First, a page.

Share your desk setup thread!

Discussion in 'The Tablet PC Life' started by T-ravisty, Jan 3, 2014.

  1. jnjroach

    jnjroach Surface MVP Super Moderator

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    I'm using Windows 10 and so far this setup as been perfect from a scaling perspective, all my apps scale well. I typically have 2 side by side windows on the 2 external monitors and full windowed apps on the SP3, the S3 is my reading/notes device.
     
  2. Mesosphere

    Mesosphere Geek. Senior Member

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    I'm using Windows 10 too, but that doesn't make one of my main apps (NoMachine) scale well. There are others, but that one is the deal breaker in my case... Hopefully some day the developers will make it more scaling friendly... but since it is forwarding floating X-windows, it may be more complicated.
     
  3. jnjroach

    jnjroach Surface MVP Super Moderator

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    Understood....
     
  4. Mesosphere

    Mesosphere Geek. Senior Member

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    So... you guys inspired me to finally pull the trigger on the 4k TV as a monitor idea I had been mulling around in order to bring my home office setup into closer parity with my work setup =)

    With the new baby, my wife has been wanting me to work from home a lot more, but the big downgrade in work area made this painful. At work I have ~11.1 million pixels covering ~7.2 ft^2 to spread my windows out in. The downside of this is, once you get used to it, it is hard to go back. At home I only had one 27" QHD monitor (~3.6 million pixels ~2.2 ft^2).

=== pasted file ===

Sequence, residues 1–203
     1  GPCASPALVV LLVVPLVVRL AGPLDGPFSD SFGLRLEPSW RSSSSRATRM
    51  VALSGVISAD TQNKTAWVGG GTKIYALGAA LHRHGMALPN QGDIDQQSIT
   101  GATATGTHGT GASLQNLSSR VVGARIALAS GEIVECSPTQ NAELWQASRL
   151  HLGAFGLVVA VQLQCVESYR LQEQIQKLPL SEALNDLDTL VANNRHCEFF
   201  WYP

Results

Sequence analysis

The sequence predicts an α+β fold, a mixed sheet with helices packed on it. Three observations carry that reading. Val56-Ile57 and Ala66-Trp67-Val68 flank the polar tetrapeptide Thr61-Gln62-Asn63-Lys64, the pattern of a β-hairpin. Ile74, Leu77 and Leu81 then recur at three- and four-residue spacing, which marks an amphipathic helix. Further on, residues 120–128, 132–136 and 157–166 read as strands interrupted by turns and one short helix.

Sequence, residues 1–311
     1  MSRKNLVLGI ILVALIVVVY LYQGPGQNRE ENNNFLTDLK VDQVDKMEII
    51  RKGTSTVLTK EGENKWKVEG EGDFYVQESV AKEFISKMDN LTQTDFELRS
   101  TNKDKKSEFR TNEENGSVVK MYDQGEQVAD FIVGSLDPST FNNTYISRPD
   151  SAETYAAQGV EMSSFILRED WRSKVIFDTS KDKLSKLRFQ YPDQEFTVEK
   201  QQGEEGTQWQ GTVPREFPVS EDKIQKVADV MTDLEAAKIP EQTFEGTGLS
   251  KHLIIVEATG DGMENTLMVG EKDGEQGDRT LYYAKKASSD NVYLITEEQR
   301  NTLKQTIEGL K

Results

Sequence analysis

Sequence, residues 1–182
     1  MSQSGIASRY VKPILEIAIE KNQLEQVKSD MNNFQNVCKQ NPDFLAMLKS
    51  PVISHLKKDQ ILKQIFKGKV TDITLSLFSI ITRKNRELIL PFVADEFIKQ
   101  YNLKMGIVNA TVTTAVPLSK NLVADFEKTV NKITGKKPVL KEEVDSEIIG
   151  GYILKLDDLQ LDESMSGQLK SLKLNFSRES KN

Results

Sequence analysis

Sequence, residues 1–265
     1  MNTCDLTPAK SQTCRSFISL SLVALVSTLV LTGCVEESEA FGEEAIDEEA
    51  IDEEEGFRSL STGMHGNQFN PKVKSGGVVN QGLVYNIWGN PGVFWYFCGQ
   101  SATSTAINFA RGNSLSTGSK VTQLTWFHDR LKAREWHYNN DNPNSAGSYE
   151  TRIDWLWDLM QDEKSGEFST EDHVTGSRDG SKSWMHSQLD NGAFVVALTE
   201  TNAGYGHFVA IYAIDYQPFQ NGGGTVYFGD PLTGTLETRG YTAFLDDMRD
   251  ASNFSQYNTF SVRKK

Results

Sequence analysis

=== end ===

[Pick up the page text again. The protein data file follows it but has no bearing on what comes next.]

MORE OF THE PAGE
For awhile I had been eyeing the 43" Vizio 4k TV (8.3 million pix, 5.5 ft^2). Adding this to my existing monitor would bump my home screen real estate to 12 million pixels and ~7.6 ft^2 making it pretty close to my setup at work. It had been tempting because the Vizio was only $550, which is a small fraction of what my high end monitors at work cost. Also, since it was 4K, it wasn't a downgrade in PPI compared to a regular computer monitor like it is with a large FHD TV. With the help of a juicy rationalization to my wife that it would result in me working from home more, I got the OK =)

    Initially I was in love. It was a great TV for the money, but I quickly realized a deal breaking corner they had cut (no doubt to lower the price). The TV did not have so called "4:4:4 chroma" support. Essentially, this means that the color information is at only half the resolution of the luma information (brightness). This is done because our eyes are less sensitive to small changes in color than they are in brightness. For video this makes a lot of sense, but for a computer monitor where you want to be able to read small fonts... not so much. So, sadly, I had to @dstrauss it, and it went back to Best Buy. Fortunately, I learned the 2015 Samsung 4k TVs do have 4:4:4 chroma @60 Hz, but the closest size to 43" is the 40" model and it costs $700...

    Surprisingly, my wife OK'd buying the smaller and more expensive Samsung TV (I must have earned a lot of points helping with the kids lately). So far, I'm really happy with it. It took some tweaking of the TV to make it look good as a monitor (when I first turned it on it didn't look that much better than the Vizio). Finally, here is my new home office setup: